FCC plans revamped Space Bureau
November 3, 2022
By Colin Mann
Federal Communications Commission Chairwoman Jessica Rosenworcel has unveiled a plan to reorganise the agency better to support the needs of the growing satellite industry, promote long-term technical capacity at the FCC, and navigate 21st global communications policy.
Under this plan, Chairwoman Rosenworcel will work to reorganise the FCC’s International Bureau into a new Space Bureau and a standalone Office of International Affairs. These changes will help ensure that the FCC’s resources are better aligned so that the agency can continue to fulfil its statutory obligations and keep pace with the rapidly changing realities of the satellite industry and global communications policy.
“The satellite industry is growing at a record pace, but here on the ground our regulatory frameworks for licensing them have not kept up,” admitted Rosenworcel. “Over the past two years the agency has received applications for 64,000 new satellites. In addition, we are seeing new commercial models, new players, and new technologies coming together to pioneer a wide-range of new satellite services and space-based activities that need access to wireless airwaves. Today, I announced a plan to build on this success and prepare for what comes next. A new Space Bureau at the FCC will ensure that the agency’s resources are appropriately aligned to fulfil its statutory obligations, improve its coordination across the federal government, and support the 21st century satellite industry.”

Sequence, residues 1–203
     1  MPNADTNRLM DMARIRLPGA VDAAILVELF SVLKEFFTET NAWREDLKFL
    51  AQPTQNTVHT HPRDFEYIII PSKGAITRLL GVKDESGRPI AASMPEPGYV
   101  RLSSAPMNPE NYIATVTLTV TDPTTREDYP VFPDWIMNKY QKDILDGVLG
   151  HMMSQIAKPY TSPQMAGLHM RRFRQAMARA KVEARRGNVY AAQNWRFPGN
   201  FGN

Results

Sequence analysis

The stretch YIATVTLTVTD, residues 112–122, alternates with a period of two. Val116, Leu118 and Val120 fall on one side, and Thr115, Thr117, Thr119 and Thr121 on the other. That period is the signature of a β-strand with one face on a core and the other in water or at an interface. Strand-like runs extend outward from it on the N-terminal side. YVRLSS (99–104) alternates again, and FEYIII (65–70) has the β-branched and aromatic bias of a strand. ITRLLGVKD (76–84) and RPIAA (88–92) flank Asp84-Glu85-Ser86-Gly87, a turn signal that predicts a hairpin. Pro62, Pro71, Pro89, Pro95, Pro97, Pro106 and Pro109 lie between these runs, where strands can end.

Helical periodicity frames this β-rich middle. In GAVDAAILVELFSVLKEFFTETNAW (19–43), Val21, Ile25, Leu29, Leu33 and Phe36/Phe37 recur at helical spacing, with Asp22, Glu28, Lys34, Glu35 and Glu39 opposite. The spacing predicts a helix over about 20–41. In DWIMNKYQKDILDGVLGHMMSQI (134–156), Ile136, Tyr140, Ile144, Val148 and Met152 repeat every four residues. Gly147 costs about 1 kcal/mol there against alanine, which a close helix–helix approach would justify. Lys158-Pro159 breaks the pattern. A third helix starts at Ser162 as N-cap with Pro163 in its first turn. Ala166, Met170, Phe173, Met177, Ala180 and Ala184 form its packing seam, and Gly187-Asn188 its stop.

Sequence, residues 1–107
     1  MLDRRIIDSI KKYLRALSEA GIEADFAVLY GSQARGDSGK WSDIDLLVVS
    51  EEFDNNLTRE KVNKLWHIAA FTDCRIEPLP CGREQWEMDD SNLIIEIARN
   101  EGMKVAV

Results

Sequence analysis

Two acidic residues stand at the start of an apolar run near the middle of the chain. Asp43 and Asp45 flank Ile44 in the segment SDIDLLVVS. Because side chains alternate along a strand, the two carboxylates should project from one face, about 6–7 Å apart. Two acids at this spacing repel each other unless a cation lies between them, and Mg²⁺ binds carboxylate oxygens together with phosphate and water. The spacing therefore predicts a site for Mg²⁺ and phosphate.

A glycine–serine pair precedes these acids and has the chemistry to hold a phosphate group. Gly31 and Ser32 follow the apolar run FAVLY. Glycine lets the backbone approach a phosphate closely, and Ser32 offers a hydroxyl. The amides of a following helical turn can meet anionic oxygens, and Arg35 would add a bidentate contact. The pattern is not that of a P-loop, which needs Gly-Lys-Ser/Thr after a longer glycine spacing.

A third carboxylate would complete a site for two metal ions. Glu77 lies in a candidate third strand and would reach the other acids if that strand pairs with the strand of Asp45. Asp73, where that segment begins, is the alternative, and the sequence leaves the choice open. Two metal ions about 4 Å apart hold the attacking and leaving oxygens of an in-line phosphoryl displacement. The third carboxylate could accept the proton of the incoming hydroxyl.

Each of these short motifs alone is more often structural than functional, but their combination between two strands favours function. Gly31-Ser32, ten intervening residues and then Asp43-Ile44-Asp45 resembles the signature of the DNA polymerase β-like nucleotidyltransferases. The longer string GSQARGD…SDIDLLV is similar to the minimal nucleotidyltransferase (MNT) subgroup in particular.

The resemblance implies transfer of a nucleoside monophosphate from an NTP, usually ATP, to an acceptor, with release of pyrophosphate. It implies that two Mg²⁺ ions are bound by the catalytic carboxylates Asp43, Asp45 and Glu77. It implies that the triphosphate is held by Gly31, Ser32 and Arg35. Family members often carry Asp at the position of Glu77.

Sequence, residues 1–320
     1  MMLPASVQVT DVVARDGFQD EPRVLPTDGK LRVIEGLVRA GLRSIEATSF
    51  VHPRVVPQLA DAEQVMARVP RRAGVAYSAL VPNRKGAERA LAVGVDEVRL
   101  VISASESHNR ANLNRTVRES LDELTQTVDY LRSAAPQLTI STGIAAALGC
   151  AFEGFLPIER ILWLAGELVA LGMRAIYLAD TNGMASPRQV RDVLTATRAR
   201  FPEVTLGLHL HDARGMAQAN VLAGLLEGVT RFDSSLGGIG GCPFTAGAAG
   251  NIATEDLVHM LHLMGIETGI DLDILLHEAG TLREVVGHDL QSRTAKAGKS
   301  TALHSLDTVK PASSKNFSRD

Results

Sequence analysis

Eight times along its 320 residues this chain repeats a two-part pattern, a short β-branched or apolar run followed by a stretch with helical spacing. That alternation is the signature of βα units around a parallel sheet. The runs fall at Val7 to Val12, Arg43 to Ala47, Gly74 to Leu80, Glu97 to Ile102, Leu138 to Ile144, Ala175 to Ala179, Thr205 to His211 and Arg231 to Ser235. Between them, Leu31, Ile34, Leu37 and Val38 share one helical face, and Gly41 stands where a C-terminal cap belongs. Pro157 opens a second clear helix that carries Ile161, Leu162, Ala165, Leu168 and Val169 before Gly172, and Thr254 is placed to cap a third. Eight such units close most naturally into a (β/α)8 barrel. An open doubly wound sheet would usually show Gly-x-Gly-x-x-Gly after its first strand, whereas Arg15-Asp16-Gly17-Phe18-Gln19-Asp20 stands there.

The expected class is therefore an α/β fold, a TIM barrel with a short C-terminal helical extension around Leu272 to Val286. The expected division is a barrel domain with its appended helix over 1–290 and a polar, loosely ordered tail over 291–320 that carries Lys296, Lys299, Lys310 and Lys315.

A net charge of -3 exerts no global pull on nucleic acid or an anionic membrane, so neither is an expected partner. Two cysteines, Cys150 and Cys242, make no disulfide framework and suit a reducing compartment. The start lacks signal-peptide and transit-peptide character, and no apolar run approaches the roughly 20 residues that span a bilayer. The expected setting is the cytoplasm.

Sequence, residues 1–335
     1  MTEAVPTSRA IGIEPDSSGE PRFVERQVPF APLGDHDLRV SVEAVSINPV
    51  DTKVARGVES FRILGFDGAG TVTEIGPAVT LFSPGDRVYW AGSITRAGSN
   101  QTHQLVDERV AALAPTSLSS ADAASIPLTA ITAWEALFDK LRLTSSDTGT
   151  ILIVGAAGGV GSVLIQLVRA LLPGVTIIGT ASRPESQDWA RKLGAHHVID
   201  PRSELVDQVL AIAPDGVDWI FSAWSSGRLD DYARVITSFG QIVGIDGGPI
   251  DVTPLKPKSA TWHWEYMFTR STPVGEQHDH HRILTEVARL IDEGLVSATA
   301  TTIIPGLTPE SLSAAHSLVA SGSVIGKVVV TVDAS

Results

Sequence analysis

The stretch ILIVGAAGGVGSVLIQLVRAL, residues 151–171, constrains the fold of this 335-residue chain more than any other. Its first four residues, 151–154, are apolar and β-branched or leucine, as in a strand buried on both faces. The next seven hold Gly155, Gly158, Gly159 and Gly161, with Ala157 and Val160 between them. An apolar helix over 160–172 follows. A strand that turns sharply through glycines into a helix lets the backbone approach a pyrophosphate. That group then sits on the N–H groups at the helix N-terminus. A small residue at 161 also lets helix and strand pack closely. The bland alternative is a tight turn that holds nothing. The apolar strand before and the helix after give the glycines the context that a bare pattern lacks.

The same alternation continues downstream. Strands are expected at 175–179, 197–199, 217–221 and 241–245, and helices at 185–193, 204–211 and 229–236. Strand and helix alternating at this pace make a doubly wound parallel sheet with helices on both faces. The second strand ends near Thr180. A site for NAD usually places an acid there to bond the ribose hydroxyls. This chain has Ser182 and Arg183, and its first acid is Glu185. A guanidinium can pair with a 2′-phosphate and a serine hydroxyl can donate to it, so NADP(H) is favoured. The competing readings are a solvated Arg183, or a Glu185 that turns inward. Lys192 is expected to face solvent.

The Commission licenses radio frequency uses by satellites and ensures that space systems reviewed by the agency have sufficient plans to mitigate orbital debris under the authority of the Communications Act of 1934, as amended. By establishing a stand-alone Space Bureau the agency aims better to fulfil its statutory obligations and elevate the significance of satellite programmes and policy within the agency to a level that reflects the importance of the emerging space economy. By separating satellite policy from the International Bureau, the agency acknowledges the role of satellite communications in advancing domestic communications policy and achieving US broadband goals.
Lastly, the goal of establishing a stand-alone Office of International Affairs will allow relevant experts to focus specifically on matters of international communications regulation and licensing as we enter a new era of global communications policy. Additionally, this structure emulates the successful models of offices such as Office of Engineering and Technology, and Office of General Counsel that allows for consistent expertise to be leveraged across all the Bureaus with a nexus to international affairs.
Jennifer A. Manner, SVP, Regulatory Affairs, EchoStar/Hughes, said: “We applaud the FCC for this much needed reform and introduction of the Space Bureau and Office of International Affairs to at once improve the US regulatory process while helping advance US interests on important satellite and other space issues internationally.”